Fortunately, with modern technology, we didn’t have to let the discussion die there. So, I got on my phone, hooked it up to the screen so the students could be active participants, jumped on Twitter, and sent Mr. Stadel a private message. This is what they wrote, well, told me to type:

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After they got over the initial shock that one could actually do this, they got excited. Now, I have only been a participant in a few of Mr. Stadel’s sessions at conferences but was fairly certain that he would be open to what we had to say and would most likely respond. And he didn’t disappoint! The kids were VERY excited that he did respond. Okay, I was pretty excited too. This was such a real and relevant experience.

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We then talked about how many more dimes we thought could fit. They determined that 1/2 roll more – 25 dimes – would be needed.

THIS is why we, as educators, need to be connected. THIS is why we continuously grow our PLN.

I would like to thank Mr. Stadel and Ms. Luke (RSP teacher) for making this all possible.

Winter Break Activities

This week I started my Winter Break. A glorious 3 weeks off from school. That also means that the students will most likely have 3 weeks off from practicing any of their skills, including reading. The no reading thing makes me sad. In an effort to combat the ‘Winter Break Slide’ (very similar to the Summer Slide) our principal requested that we give homework. As I am not a fan of homework, I designed a Winter Break Activities sheet.

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Since the students only need to choose 3 activities, it gives them some ownership and flexibility. I also tried to make them a bit more interesting as well as non-tech friendly. However, I think my favorite part is the Kindness Calendar. The calendar is ‘homework’ that everyone can agree on.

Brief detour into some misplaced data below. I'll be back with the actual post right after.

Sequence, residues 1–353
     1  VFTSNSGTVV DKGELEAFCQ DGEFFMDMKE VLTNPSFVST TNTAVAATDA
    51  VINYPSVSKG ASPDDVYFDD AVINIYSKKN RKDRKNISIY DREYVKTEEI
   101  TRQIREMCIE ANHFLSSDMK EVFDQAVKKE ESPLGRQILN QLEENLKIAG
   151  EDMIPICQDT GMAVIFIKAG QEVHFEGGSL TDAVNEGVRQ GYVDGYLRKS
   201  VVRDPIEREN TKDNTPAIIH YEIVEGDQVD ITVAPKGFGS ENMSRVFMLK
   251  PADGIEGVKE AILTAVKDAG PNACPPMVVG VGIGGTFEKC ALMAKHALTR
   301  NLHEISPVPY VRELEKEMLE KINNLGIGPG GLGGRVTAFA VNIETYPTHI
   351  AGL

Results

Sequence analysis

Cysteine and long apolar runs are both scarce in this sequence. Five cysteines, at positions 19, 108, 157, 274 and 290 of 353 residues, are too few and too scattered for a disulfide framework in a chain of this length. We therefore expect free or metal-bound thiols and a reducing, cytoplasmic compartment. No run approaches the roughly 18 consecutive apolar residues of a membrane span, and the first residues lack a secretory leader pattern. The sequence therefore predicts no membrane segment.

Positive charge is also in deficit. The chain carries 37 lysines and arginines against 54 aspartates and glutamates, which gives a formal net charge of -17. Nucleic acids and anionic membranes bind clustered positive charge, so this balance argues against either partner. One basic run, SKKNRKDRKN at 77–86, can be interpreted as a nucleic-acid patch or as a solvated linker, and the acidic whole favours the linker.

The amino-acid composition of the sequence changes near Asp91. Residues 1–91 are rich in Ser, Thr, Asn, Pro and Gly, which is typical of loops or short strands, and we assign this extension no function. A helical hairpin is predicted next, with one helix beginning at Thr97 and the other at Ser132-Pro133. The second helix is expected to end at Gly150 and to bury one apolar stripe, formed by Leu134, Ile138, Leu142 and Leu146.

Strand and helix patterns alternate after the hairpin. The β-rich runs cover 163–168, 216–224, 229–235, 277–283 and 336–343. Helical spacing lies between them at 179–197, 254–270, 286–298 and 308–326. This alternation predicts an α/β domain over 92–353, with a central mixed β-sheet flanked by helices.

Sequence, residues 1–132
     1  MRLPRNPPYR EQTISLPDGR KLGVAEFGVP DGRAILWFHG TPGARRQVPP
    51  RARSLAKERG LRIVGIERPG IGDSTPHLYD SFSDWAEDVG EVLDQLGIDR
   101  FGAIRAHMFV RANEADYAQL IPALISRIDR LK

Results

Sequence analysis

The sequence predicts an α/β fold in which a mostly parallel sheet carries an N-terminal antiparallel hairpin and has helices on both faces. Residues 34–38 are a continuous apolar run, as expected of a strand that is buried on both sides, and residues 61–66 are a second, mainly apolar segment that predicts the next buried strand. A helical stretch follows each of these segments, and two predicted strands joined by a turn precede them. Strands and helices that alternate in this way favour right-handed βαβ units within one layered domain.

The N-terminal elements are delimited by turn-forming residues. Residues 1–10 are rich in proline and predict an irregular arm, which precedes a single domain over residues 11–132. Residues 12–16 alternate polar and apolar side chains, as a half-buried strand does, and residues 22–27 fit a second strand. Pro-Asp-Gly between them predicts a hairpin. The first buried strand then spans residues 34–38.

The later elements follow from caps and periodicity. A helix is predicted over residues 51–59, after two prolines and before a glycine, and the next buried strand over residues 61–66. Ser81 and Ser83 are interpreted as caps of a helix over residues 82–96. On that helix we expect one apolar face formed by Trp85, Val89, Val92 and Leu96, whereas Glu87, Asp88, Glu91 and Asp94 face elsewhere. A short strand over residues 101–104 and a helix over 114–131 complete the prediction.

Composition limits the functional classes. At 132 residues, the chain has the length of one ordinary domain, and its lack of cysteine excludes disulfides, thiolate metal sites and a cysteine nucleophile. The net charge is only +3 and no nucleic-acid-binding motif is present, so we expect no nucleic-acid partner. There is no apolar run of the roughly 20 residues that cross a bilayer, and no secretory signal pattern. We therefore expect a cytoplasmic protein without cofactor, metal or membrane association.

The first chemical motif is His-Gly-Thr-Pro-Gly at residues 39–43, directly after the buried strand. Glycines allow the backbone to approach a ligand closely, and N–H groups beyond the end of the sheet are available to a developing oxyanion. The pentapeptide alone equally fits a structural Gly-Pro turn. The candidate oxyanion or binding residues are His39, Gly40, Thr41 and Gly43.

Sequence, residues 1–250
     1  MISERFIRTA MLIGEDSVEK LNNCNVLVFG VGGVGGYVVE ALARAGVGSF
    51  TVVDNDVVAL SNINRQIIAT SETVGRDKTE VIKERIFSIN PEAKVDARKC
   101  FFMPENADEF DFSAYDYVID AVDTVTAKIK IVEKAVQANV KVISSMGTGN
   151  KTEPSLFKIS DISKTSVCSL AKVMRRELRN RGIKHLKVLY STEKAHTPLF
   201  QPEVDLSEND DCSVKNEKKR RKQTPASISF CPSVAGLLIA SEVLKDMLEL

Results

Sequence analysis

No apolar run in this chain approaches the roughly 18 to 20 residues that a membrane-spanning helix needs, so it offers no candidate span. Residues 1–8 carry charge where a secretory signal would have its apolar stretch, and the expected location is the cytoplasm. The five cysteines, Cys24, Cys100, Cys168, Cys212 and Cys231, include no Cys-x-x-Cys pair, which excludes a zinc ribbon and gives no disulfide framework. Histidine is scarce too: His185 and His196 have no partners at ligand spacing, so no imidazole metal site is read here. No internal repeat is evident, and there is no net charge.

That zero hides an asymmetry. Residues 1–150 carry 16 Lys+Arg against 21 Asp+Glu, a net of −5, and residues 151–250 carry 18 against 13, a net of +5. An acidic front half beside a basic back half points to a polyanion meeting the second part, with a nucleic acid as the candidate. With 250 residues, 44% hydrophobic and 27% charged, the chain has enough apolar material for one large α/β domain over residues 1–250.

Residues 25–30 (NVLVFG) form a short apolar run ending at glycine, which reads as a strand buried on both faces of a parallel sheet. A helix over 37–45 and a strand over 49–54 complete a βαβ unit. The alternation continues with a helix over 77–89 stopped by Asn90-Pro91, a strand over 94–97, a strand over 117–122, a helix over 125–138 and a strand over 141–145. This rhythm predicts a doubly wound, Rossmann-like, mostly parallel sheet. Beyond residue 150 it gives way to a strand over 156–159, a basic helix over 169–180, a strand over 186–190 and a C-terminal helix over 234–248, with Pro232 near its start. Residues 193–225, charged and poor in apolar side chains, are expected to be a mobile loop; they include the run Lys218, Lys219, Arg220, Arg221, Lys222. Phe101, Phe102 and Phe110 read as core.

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One student noted that many items were ‘chores’. I told her it was my present to the parents!

Explain Your Answer

Shifts in Math

2000px-math-svgOne of the bigger shifts in math, aside from the building blocks in the CCSS Framework, is the ever dreaded ‘Explain your answer’. When this first came out, I wasn’t sure what they meant, the frameworks hadn’t been written yet. I had students explaining that they ‘added the ones then regrouped to get the answer.’ And while they were technically correct, there was a lot missing.

Better Understanding

Now, I have a better understanding of what is needed. The students need to break down each step and explain, using academic language, what their thought process is. I furthered my understanding when I went to a training on this. Honestly, it wasn’t the best training, but it got me thinking. I used some of the techniques to create a better lesson.

The Lesson

First, I created a template that the students were going to be using. Then, as a group, we walked through each part of the template and filled it in. There was  A LOT of guidance this first time. I’m hoping with practice, they will become more independent. Students worked in table groups to solve their table problem. Finally, they were to film their process of solving the problem. Using their ‘scripts’ students explained the process for division. Here’s an example:

sample